The Big Swim a big success

Mike Nesbitt
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A total of 34 swimmers, mainly from the Maritimes, plunged into the Northumberland Strait and broke records in the process.

Todd McDonald sloshes over the sandbar at Borden-Carleton, accompanied by his kayak supporter Cliff Pratt, at the end of his swim across the Northumberland Strait in support of the Give to Live organization, raising money for Brigadoon Village and Cystic Fibrosis.

BORDEN-CARLETON – Weather, wind and waves combined to provide excellent conditions for the Big Swim, which generated more than $136,000 for the Brigadoon Village and Cystic Fibrosis charities.

Event originator Todd McDonald deemed it  “phenomenal.”

A total of 34 swimmers, mainly from the Maritimes, but also including one from Leduc, Alta., and another from Washington, D.C., plunged into the Northumberland Strait early Sunday morning and headed for P.E.I. in support of the Give to Live charitable organization.

The swim set a record for the largest group to swim the Strait at the same time.

Each swimmer had a kayaker alongside. In addition, the Summerside Yacht Club was instrumental in providing six of eight support boats for the swim. There were also two lifeguards and two paramedics on hand in case of emergencies.

Each swimmer was expected to raise a minimum of $1,000 for the event, but most exceeded that amount, one even reaching $33,000. Each also chose which charity their funds supported, which organizers indicated has worked out relatively evenly between the two

McDonald was ecstatic about the event, the volunteers and the public response, as he warmed-down from his own passage of the Strait and looked out at other swimmers reaching the shoals at the western base of the Confederation Bridge.

 “There are over 125 involved,” McDonald noted, assessing that the swim is harder on the volunteers than on the swimmers. “We’re looking to put nearly 100 per cent of the funds raised to those charities.”

His enthusiasm grew out of a change of attitude he had about seven years ago when, during a crisis that was dragging him down, he encountered someone who took exactly the opposite path after losing his father to cancer.

The inspiration led him to join a four-person bike trip, dubbed the Big Ride, from Halifax to Austin, Texas, which raised $600,000.

Unfortunately, disc problems in his back took McDonald out of the bicycle saddle and his doctor suggested swimming to ease exercise. Undeterred, he formed the Big Swim event. It started three years ago with three swimmers, including McDonald, grew to nine last year and has almost quadrupled for 2013.

With help from his partner in life, Ashley Ward, he has never looked back. To date, Give to Live has raised more than $2.2 million for various charities through the two core events.

Twenty-five of this year’s participants approached Give to Live after hearing about the swim through fitness organizations or targeted advertising.

For 56-year-old Bob Grant, the oldest swimmer in the field, the 14-kilometre Northumberland Strait was the culmination of an estimated 500,000 metres of swim training.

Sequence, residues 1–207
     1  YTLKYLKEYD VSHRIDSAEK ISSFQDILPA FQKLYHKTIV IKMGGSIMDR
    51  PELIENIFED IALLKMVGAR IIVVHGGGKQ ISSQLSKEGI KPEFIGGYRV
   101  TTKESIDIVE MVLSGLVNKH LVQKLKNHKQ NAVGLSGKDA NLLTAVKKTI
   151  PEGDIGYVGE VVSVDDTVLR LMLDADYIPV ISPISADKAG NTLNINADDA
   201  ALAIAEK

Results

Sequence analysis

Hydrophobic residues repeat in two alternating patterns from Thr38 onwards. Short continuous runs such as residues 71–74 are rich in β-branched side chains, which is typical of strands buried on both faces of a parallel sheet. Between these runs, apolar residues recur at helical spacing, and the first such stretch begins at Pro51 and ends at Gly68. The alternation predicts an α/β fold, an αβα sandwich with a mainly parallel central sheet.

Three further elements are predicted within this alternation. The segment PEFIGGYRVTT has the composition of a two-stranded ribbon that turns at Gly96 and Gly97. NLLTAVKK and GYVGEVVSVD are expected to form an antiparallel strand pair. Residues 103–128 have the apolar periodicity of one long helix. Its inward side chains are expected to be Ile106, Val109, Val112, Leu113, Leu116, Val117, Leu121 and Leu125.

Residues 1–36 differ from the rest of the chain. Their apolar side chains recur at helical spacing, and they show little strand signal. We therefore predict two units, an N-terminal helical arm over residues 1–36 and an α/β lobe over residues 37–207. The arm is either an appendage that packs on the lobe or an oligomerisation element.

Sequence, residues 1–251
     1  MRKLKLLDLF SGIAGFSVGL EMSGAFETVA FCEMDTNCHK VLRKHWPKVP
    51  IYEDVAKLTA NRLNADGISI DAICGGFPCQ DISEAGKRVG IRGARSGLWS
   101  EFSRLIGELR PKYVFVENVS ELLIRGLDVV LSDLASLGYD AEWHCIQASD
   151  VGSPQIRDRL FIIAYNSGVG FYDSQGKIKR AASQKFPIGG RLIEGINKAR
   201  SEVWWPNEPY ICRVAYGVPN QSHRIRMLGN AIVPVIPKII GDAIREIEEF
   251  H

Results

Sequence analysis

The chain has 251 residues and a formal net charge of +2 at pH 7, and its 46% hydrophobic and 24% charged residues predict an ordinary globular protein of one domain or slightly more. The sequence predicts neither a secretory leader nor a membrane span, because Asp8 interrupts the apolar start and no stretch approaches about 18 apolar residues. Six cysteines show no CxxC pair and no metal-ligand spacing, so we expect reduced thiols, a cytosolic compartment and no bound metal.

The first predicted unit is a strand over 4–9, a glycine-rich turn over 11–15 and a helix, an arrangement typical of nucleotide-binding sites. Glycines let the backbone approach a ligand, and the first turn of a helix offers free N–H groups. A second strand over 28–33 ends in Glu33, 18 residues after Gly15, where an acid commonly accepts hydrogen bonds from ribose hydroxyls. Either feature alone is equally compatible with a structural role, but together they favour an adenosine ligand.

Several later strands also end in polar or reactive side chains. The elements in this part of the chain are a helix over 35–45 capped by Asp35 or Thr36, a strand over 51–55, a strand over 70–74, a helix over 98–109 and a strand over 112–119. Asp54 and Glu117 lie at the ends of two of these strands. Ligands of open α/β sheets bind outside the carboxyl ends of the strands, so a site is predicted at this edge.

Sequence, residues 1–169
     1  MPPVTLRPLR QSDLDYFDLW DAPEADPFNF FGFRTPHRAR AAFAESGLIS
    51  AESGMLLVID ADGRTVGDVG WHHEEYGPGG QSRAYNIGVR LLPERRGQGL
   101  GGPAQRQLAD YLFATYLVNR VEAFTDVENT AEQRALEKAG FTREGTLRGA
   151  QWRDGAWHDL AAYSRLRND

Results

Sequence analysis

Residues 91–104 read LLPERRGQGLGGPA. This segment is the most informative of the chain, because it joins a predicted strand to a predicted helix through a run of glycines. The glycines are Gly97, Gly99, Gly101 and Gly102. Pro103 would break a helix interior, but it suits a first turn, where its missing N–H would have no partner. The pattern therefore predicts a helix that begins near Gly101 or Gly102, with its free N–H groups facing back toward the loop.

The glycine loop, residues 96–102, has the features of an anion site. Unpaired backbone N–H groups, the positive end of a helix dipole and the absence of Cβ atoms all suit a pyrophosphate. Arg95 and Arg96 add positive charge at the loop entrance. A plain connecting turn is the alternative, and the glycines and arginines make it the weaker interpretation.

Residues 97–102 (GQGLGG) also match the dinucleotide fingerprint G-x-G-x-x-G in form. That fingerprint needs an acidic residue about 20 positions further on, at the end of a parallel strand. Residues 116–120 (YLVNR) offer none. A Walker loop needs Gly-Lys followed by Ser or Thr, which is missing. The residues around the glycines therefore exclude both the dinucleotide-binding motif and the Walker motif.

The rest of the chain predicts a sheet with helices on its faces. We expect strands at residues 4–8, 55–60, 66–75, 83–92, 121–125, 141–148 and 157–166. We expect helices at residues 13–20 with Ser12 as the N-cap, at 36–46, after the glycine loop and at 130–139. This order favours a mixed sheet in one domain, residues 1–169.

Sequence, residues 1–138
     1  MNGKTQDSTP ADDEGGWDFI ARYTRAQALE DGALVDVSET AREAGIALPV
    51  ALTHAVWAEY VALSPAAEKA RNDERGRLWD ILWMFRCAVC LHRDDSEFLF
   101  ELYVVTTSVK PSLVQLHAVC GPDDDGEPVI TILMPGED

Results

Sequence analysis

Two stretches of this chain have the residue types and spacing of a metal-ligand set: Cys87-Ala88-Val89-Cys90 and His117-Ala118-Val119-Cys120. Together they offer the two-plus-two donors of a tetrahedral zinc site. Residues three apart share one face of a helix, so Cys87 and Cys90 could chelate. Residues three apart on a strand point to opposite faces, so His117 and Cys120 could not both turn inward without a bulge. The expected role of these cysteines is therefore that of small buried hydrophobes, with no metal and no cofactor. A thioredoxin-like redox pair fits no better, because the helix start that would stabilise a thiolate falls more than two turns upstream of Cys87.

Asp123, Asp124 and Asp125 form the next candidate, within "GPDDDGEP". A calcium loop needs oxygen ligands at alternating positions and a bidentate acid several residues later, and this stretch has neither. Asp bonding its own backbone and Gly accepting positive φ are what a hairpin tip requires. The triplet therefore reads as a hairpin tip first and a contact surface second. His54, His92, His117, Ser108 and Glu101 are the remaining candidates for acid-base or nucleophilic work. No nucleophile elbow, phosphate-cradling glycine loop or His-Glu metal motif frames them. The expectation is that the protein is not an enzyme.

“Awesome,” he dubbed the Big Swim, for which he raised $1,500.

“The navigation was perfect. It made a big difference,” he said of the route that took them along the east side of the bridge, between the support columns and onto the western side at P.E.I.

He completed the swim in four hours and 39 minutes.

First to land was Steuart Martens of Washington, D.C., in a time of three hours, 29 minutes, which was about 16 minutes ahead of his schedule.

The first woman to land was Sue Sirrs of Halifax in a time of five hours and four minutes. A cross-country ski enthusiast, she swims for exercise in the off season.

“Training is fun because I have some good swim buddies, and I love open water swimming. The Strait is a great resource,” she noted.

The youngest swimmer was 15-year-old Jessica Plummer of Halifax. She also became the youngest female swimmer to complete the crossing, with a time of four hours and 30 minutes.

“Today’s swim was an incredible experience that I’ll always take with me,” she says. “I was excited to do the swim as soon as I heard about it, but the record is like the cherry on top,” she confirmed.

When asked what the future holds for Give to Live, McDonald was upbeat and suggestive, paying forward the inspiration he was given.

“What do you feel like doing?”

 

Organizations: Summerside Yacht Club, Big Ride

Geographic location: Washington, D.C., BORDEN-CARLETON, Brigadoon Village Halifax Leduc P.E.I. Austin, Texas

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  • Pop-eye
    August 05, 2013 - 10:11

    Wouldn't it be more correct to write using male/female First male to land was Steuart Martens of Washington, D.C., in a time of three hours, 29 minutes. The first female to land was Jessica Plummer of Halifax, the youngest swimmer to complete the crossing, in a time of four hours and thirty minutes.

    • Townie
      August 05, 2013 - 12:29

      He was the first overall to finish, male and female. Which by default also made him the first male to complete the swim. That leaves them with naming the first female to complete the swim, which happened after the first person to complete (which in this case was a male). So they were correct the way they wrote it.